I’d like to think of myself as a perfectionist. After all nothing is worth doing if you don’t do it right, right? 🙂 But, I found that being a perfectionist isn’t always about being perfect. We simply strive for it, and perfection changes form based on the steps we take along the way.
Lie #1 Perfectionists waste time on the little details. Cautious and methodical, perfectionist are always on the look out for the best solution. We appear hyper-focused on trivial details because we are seeking how to best solve a problem. The details lie in figuring out “how” once we understand “why.”
My husband and I were trimming a tree this weekend. Both perfectionists, anytime we start on a project together there is always a moment of disagreement on the best way to tackle it. This time, our opponent was a HUGE oak branch laying on our neighbor’s roof. I suggested resting a ladder against our neighbor’s house to trim the branch piece by piece. My husband wanted to cut it as close to the trunk as possible all at once. We spent about five minutes going back and forth when he finally said to me, “if the branch comes down on my head when I’m on a ladder, where do you expect me to go?” Ah-ha! Valid point! Breaking his leg and head were definitely not part of my plan.
Truth: The details that we seem to get caught up in as perfectionists are actually unanswered questions.
Leading us to Lie #2 Perfectionists don’t ask for other’s opinions. We’ve all heard the adage, “it’s my way or the highway.” But, the thing about perfectionists is that we have already run through multiple options in our head before bringing the problem to others. We each have created internal systems that work – for us! We learn from our failures and the failures of others.
My work has always had an analytical component. I excel at reviewing data, breaking it down into smaller chunks and communicating it to business leaders in a way that drives behaviors for optimal performance. I was not always good at it though. I thought explaining the details would make me the expert and others would simply agree and follow my direction. I failed at driving results. When I finally got the courage to ask someone why my suggestions weren’t being taken seriously, I was smacked with the realization that I needed to take other people’s viewpoints into consideration. It didn’t matter if my plan and data were accurate, what mattered was whether or not it was valuable for the people that had to execute the work.
Truth: Perfectionists don’t realize they need other opinions until they fail.
Which leads us to Lie #3 Perfectionists expect everyone to be perfect. Highly competitive, a perfectionist’s goal is a perfect solution. Group think is not in our nature. We cannot ignore biases. We follow a trail until the end even if we end up somewhere completely different than where we intended. It is not that we expect everyone to be perfect, we challenge those around us to think about a problem differently to create the perfect solution.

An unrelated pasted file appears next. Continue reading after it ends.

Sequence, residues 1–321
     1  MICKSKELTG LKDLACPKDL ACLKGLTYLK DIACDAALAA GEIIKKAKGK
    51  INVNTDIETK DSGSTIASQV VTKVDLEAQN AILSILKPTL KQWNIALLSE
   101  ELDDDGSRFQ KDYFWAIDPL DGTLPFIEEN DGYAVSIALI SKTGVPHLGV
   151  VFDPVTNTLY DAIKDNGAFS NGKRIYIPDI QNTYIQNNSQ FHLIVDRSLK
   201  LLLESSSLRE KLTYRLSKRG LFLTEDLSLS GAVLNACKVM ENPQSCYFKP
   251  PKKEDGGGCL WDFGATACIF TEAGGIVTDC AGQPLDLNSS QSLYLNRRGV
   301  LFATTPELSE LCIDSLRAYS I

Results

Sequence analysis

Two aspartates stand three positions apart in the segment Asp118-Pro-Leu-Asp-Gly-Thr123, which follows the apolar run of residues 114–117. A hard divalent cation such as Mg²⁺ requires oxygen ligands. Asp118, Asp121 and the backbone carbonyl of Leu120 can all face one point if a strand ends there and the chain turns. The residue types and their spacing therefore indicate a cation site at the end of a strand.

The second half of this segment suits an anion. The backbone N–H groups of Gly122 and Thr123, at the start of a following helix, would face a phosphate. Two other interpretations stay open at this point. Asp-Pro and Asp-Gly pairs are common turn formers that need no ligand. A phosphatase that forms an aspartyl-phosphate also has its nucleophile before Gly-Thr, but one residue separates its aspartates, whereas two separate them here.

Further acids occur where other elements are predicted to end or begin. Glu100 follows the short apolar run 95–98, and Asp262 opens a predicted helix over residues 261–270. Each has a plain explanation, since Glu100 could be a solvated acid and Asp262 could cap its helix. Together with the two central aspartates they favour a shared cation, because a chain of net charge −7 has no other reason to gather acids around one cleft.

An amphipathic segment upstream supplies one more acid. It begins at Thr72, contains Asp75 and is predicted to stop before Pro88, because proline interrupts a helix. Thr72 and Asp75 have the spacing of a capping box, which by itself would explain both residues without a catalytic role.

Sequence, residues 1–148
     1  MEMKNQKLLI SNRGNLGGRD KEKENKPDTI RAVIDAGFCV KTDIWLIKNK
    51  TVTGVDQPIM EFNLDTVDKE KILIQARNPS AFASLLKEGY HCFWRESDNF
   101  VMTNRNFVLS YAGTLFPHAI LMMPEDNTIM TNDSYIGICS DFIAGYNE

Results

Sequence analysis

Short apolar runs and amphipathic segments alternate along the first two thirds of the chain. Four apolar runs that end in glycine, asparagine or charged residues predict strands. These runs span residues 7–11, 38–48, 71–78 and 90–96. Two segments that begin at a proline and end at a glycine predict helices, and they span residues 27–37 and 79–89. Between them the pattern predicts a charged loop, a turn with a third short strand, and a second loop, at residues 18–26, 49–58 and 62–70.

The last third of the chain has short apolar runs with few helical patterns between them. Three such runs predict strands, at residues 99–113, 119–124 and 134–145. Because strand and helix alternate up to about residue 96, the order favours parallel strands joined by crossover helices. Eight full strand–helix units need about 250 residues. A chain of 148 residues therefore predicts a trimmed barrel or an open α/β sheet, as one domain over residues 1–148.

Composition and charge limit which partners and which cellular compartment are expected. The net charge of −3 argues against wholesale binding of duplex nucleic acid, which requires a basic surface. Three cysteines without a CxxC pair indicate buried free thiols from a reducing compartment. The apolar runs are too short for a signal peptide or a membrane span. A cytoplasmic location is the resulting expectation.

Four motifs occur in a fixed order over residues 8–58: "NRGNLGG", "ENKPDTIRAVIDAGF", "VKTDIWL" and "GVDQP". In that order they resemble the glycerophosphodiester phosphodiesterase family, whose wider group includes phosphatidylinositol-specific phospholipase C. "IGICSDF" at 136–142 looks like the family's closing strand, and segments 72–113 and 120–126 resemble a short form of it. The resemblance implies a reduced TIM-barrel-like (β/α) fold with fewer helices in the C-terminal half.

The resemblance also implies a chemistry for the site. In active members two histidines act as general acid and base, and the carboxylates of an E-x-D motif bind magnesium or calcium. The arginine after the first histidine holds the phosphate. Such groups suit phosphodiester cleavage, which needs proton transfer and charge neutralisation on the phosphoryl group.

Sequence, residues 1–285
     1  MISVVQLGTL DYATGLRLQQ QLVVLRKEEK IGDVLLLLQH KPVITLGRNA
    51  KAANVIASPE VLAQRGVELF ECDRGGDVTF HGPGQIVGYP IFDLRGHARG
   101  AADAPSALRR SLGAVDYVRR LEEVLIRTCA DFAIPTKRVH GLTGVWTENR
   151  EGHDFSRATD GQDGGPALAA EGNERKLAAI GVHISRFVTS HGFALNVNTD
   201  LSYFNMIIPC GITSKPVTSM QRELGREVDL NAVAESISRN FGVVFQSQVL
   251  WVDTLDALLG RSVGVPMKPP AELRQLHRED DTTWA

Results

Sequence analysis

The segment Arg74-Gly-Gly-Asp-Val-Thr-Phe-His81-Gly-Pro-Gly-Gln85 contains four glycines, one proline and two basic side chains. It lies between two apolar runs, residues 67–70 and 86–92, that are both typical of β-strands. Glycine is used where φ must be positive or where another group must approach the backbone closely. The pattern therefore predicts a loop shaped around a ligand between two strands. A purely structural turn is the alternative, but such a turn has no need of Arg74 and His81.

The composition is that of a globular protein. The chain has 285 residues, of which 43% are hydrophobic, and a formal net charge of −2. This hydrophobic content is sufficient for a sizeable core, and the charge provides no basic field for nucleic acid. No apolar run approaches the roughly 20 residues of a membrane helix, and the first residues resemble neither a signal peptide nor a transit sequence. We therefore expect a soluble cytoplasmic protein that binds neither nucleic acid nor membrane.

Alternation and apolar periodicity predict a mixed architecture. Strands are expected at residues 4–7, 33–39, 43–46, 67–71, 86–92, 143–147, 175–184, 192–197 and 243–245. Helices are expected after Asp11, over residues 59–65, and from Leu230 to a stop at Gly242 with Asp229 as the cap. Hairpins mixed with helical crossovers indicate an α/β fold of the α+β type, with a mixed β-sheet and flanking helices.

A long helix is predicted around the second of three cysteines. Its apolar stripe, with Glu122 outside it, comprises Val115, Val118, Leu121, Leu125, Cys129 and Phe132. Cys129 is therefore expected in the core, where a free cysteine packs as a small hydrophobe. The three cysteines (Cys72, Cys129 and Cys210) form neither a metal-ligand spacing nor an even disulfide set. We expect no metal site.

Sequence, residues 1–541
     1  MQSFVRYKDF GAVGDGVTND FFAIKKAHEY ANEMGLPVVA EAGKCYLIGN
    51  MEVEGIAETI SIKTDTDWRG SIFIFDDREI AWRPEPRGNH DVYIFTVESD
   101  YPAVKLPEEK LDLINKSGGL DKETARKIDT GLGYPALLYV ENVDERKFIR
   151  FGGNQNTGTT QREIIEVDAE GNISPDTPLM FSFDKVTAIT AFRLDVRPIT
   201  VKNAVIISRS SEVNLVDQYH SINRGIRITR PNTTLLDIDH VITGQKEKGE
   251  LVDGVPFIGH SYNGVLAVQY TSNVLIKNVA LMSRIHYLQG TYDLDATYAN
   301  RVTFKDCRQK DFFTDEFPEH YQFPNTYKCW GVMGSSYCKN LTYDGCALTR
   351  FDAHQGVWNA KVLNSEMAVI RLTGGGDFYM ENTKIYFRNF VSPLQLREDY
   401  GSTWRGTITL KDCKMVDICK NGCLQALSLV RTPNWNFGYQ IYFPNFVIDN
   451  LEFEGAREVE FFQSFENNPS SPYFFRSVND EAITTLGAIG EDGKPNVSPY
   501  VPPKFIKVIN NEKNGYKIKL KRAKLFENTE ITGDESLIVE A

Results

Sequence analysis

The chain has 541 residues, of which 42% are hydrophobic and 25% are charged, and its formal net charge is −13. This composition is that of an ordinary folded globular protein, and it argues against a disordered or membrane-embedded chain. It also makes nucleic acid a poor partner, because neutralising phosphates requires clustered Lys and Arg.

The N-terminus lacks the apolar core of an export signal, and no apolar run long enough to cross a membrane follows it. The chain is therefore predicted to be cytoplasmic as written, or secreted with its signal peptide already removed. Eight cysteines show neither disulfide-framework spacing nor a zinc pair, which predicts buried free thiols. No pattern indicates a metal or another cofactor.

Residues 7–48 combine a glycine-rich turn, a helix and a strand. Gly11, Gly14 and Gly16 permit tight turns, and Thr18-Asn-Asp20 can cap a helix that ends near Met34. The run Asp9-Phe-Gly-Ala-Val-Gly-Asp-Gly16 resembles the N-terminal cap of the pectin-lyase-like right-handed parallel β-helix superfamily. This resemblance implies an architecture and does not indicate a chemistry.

My daughter is a perfectionist (I’m guessing it runs in the family). I have written before about her ability to set lofty, yet realistic goals. One thing that she always does is ask for opinions – from teachers, me, my husband – people whose opinions she values. She researches YouTube Videos and TED Talks endlessly. She does this so she can make a plan to achieve her goals based on what others learned through a similar situation. The people she talks to and the videos she watches are not to achieve perfection, but to achieve a perfect plan to reach her goal.
Truth: Perfectionist must rely on others to create a perfect plan.
Finally, Lie #4 Perfectionists are stubborn. We will not settle. We are never happy nor satisfied. We are an all or nothing group who seldom delegates because we believe our way is the best way. This lie is somewhat true in that we are relentless in our pursuit of a solution. We will stubbornly pursue a path or a train of thought to it’s conclusion. It can be frustrating for us as well as those around us.
I withdraw from others when I am working through a problem. With the recent Coronavirus quarantine and my furlough from work, I spent hours formulating a plan (you can read about it in this post). I was relentless in my pursuit of a solution to a lack of paycheck and ability to take care of my family. I stubbornly rejected my husband’s narrative of, “it’s going to be ok” because I needed to work through it myself. I was scared and was seeking a way to fight out of the darkness, shame and isolation. But, his relentless pursuit of my well-being gave me the support I needed to start this blog. I am expecting a return to work date this week. I have a launched a writing campaign. I could not have achieved any of these solutions without the bold, stubborn, thick-headiness that my husband and I both possess.
Truth: A Perfectionists stubbornness stems from their need to process information and formulate a plan.
Perfectionist have a desire for excellence. We constantly strive for success rather than allowing our past successes to dictate our future successes. We live for each moment to solve each individual problem. We never want to be just “good enough” because it is a cop-out to finding the best (i.e. perfect solution). The critical component is that our perfect may not look like another person’s perfect….and THAT is a perfect solution in itself.
How do you view perfectionism? Are you a perfectionist? Was this helpful showing a different viewpoint? Let me know in the comments. And, don’t forget to like, share and follow!